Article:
I must confess to a significant bias around this month’s theme. I believe that the most important thing that content professionals can do is create the right content experience—defining when, where, and how content is delivered to the consumer—and the only way to do that with high success and excellence is to deliver content according to the right content strategy—in other words, determining what information is appropriate for which audience(s) and why. If the consumer can’t find the information, or it appears to them at the wrong time during their activities, or it is not what the reader needs to know … if any of these are true, the content itself isn’t used or appreciated. And users aren’t successful.
I could write a book (and maybe I will!) about content experience and content strategy, but for now, I will let the authors of this issue dispense wisdom in their words about various aspects of this theme.
An issue about content strategy would not be complete without a contribution from Ann Rockley, often referred to as the “mother of content strategy.” In “Ensuring the Success of Your Content Strategy Through Effective Change Management,” she and Charles Cooper bring change management to the fore and discuss how important it is in implementing any new initiative.
In “Measuring and Advancing Your Content Strategy Maturity,” Carrie Hane, Dina Lewis, and Hilary Marsh discuss a very interesting model for assessing content strategy maturity in associations that is easily applied to a commercial venture as well.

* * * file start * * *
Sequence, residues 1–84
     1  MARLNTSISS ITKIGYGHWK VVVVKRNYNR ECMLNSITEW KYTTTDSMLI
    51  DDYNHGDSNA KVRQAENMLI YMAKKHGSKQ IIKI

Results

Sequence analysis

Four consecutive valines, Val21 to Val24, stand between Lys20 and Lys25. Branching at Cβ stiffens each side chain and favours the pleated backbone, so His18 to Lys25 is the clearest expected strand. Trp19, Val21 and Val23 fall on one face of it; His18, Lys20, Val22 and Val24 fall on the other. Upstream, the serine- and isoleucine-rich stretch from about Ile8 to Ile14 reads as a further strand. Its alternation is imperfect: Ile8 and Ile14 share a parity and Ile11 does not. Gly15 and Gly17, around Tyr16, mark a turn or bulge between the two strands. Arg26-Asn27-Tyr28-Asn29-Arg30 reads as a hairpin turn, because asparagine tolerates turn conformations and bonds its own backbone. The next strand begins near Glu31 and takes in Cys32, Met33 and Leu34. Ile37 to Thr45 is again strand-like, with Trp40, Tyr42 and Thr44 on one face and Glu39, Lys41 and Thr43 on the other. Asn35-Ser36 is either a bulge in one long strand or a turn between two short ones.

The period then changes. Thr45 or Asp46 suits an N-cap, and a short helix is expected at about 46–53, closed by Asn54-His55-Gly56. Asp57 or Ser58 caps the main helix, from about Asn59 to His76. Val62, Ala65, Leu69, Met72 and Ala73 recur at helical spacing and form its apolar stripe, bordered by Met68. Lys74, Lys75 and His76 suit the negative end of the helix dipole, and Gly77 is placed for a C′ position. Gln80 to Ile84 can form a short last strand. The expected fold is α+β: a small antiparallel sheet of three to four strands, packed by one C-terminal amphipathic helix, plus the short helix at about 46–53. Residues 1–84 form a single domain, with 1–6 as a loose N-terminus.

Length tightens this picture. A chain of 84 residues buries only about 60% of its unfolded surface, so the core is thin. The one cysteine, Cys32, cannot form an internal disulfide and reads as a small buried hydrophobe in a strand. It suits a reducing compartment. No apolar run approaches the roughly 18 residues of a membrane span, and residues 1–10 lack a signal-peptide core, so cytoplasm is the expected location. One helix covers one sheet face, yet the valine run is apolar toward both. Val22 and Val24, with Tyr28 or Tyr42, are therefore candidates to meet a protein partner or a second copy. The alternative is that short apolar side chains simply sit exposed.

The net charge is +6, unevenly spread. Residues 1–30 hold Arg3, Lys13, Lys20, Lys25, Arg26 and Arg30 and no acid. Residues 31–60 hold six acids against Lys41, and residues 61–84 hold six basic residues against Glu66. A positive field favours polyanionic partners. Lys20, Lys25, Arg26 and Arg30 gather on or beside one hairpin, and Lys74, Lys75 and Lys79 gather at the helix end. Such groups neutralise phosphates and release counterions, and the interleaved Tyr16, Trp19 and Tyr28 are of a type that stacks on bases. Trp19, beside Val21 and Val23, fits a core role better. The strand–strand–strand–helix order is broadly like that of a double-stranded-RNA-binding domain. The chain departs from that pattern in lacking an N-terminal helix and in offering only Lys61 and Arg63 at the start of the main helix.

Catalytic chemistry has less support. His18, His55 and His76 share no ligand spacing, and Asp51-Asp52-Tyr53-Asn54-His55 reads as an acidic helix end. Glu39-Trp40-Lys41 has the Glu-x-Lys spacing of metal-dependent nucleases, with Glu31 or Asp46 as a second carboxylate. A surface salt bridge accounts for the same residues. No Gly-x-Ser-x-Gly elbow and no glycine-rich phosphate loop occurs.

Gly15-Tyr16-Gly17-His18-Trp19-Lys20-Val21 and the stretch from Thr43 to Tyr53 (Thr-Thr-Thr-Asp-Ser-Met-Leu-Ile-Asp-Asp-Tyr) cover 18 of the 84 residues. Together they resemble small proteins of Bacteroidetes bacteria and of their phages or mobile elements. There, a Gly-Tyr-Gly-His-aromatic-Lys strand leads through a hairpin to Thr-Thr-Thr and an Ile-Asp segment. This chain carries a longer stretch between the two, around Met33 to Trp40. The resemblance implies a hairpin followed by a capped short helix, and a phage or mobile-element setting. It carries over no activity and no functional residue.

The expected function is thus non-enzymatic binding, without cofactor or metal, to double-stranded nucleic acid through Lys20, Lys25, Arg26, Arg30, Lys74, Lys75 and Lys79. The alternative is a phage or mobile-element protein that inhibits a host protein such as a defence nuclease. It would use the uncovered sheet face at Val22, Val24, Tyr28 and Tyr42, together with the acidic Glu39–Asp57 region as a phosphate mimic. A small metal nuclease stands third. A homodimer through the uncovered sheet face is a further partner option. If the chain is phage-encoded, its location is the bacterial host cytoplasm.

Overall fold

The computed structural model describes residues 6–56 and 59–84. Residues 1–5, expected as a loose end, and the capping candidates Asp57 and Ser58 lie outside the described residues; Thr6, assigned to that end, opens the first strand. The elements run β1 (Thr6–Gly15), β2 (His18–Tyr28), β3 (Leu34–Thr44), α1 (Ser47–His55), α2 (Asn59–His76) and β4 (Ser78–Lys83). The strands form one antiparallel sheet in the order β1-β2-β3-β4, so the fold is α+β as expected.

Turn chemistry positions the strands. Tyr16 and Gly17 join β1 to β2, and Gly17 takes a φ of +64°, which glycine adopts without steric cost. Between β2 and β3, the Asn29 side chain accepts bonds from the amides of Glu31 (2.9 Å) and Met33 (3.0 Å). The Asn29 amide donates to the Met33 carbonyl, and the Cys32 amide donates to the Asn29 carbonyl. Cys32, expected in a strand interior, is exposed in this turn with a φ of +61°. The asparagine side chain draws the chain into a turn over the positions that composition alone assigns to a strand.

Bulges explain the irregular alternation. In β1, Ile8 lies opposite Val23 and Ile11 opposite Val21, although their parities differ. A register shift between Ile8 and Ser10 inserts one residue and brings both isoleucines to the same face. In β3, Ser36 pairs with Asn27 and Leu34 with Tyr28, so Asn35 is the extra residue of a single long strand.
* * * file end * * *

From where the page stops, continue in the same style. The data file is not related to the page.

Beverly Brown uses an enlightening case study to compare scaling content strategy in small businesses versus large.
In “The Content Audit: Who Should Conduct It?” Isabelle Sperano and Robert Andruchow take a deep dive into their findings after studying 200 publications in content strategy. Their findings provide insights into the skills and experience of the content auditor.
Alan J. Porter launches his discussion of “The Customer Experience in a Culture of Assumption” with a familiar joke opening line, but he’s not kidding.
And finally, Richard Rabil, Jr. provides fodder for the best business case for content strategy—how content and content strategy contribute to revenue generation—in “Content Strategy in Action: Enabling Sales with Product Documentation.”
This month, our columnists are bringing you discussions about everything from mental models to mindset—and of course, a little bit of content strategy and experience. And be sure to check out the information about the new STC Roundtable in the Society Pages. It’s free for April, and the topic is content experience and content strategy!
Content strategy and content experience is ripe for exciting, engaging, and maybe even controversial conversation, so engage us in conversation! The feature authors, columnists, and I provide our email addresses so that you can get in touch. We can also discuss articles and issues with you online—did you know that you can comment on the Web version of any article? We’re hoping you’ll start or join a conversation! Until next time, enjoy the issue!
Andrea L. Ames